Mohammed Barkindo, Secretary General of the Organization of Petroleum Exporting Countries (OPEC), is worried about the U.S.-China trade war. Even though oil prices seem to be stabilizing, Barkindo told CNBC News that OPEC was “concerned about the lingering trade disputes.”
Last week, it was reported that China’s car sales fell by 6 percent in 2018, the first annual decline seen in more than twenty years, amid signs that China’s economy could be slowing down and consumer sentiment turning more pessimistic.
Chinese oil demand, which represents over 12 percent of total world demand, is a linchpin to global oil markets. When China’s economy slows significantly, the effect on oil prices can be dramatic, potentially leading to single digit prices, which has happened in the past.
Facebook has been ordered to curb its data collection practices in Germany after a landmark ruling on Thursday that the world’s largest social network abused its market dominance to gather information about users without their consent.
Germany, where privacy concerns run deep, is in the forefront of a global backlash against Facebook, fueled by last year’s Cambridge Analytica scandal in which tens of millions of Facebook profiles were harvested without their users’ consent.
Nigerians will on Feb. 16 choose between two septuagenarians to lead Africa’s largest democracy: President Muhammadu Buhari and former vice president Atiku Abubakar. The pair have run for president nine times between them.
There are more than 60 other candidates, though their chances of winning are slim as the wealth and patronage networks of the two main parties drive the politics of Africa’s top oil producer and most populous country.
U.S. Customs and Border Protection officials on Wednesday described a multi-pronged strategy for tightening the southern border with Mexico that did not focus mainly on a massive wall President Donald Trump demands, according to lawmakers who attended a classified briefing.
“What they said over again was technology,” Democratic Senator Dick Durbin said. “They don’t rule out barriers, they don’t rule out fences. But that isn’t the first priority.”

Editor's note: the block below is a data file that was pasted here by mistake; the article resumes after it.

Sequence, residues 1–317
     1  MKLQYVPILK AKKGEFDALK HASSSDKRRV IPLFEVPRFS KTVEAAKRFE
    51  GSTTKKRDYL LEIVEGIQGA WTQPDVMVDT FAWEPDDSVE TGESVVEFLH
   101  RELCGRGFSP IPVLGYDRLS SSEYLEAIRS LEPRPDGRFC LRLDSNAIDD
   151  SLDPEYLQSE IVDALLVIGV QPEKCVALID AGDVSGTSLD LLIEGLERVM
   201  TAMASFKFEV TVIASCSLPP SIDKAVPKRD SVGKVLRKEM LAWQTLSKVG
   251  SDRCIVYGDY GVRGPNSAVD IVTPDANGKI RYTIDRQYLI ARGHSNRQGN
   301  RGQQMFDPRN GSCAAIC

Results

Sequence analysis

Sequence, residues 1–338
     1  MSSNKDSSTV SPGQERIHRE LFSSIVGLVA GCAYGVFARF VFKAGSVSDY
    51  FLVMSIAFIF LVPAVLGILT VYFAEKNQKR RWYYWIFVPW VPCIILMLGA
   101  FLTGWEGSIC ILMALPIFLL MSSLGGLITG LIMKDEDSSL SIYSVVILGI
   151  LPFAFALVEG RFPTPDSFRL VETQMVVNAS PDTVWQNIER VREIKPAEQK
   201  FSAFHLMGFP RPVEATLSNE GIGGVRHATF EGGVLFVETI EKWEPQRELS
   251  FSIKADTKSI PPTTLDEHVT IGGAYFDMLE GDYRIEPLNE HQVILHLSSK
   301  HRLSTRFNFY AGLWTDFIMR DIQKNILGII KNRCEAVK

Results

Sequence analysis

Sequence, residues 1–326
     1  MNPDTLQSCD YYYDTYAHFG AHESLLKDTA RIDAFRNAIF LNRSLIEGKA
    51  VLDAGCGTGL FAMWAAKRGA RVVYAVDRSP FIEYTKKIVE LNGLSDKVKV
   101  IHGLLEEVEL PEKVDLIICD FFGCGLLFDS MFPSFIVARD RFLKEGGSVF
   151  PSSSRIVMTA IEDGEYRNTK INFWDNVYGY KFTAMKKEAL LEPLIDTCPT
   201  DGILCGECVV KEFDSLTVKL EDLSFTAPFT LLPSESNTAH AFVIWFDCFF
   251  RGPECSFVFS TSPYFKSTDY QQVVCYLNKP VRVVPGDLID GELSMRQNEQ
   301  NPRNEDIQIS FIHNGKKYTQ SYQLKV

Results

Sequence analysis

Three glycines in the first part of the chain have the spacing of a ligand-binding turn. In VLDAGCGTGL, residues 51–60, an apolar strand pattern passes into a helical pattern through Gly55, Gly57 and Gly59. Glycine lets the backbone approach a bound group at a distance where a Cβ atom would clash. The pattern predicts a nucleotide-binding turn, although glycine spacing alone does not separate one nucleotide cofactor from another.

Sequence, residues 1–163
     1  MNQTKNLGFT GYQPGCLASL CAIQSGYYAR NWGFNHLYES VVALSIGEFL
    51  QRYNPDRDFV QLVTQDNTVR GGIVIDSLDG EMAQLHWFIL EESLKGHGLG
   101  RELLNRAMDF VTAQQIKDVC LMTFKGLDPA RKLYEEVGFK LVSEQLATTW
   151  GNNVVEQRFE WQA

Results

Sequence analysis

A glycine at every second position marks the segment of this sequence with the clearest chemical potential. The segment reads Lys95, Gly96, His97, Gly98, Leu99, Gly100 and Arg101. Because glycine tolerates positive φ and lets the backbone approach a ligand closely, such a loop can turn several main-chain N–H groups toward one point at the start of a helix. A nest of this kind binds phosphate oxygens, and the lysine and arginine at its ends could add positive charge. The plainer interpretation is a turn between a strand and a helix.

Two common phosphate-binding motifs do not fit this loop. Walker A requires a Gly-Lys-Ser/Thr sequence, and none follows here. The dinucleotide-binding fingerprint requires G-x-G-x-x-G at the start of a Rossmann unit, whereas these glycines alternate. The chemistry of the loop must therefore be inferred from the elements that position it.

U.S. President Donald Trump on Thursday waded into the race and sex scandals engulfing Virginia’s three leading Democrats and suggested the turmoil could improve his Republican Party’s chances in the state.
A series of revelations over the past week have ensnared the governor and attorney general, both of whom admitted to wearing blackface while in college in the 1980s, and the lieutenant governor, accused of a 2004 sexual assault.
Were all three to leave office, the Republican speaker of the state house would step in.
Barely a month into the new Congress, financial lobbyists in Washington are already strategizing how to handle the star power of rookie Democrat lawmaker Alexandria Ocasio-Cortez.
The Democratic Socialist and Wall Street critic joined the 60-member House Financial Services Committee in mid-January and more than a dozen lobbyists interviewed by Reuters say the 29-year-old activist and former bartender is too high-profile to ignore.
Despite the scandals and crises of the Trump administration, along with the difficult realities of a divided Congress, there are fundamental issues that both branches of government need to address.
The current divisive dynamic of our politics, however, is standing in the way of our leaders reaching consensus solutions to the many challenges the nation faces.
Any American who drives on our highways or flies from our airports knows that our infrastructure needs improvement and modernization. The ever rising prices of medicine, housing, education, and child care continue to squeeze our middle class while growing wages still lag those growing costs.
There are many ways to secure our border while acknowledging that immigrants play a fundamental role in strengthening our economy and shape an integral part of the American success story.
The head of the House Intelligence Committee on Wednesday released the panel’s investigative parameters for conducting its Russia probe, which will serve as a roadmap as Democrats dig into Moscow’s involvement in the 2016 presidential election.
“The House Permanent Select Committee on Intelligence (‘Committee’) will conduct a rigorous investigation into efforts by Russia and other foreign entities to influence the U.S. political process during and since the 2016 U.S. election,” Chairman Adam Schiff (D-Calif.) said in a statement.
An advanced persistent threat group linked to the Chinese government accused of conducting a widespread cyber espionage campaign against IT service providers has gone quiet since two of its members were indicted by the Department of Justice last year, according to a Department of Homeland Security official, but it remains an active threat to American businesses.
The group, known as APT 10, has a history of targeting the U.S. technology supply chain.
In recent years, it has begun focusing attention on compromising managed service and cloud providers who often remotely manage IT systems and store data on behalf of client companies and — when compromised — can offer hackers wider access to the networks of multiple businesses.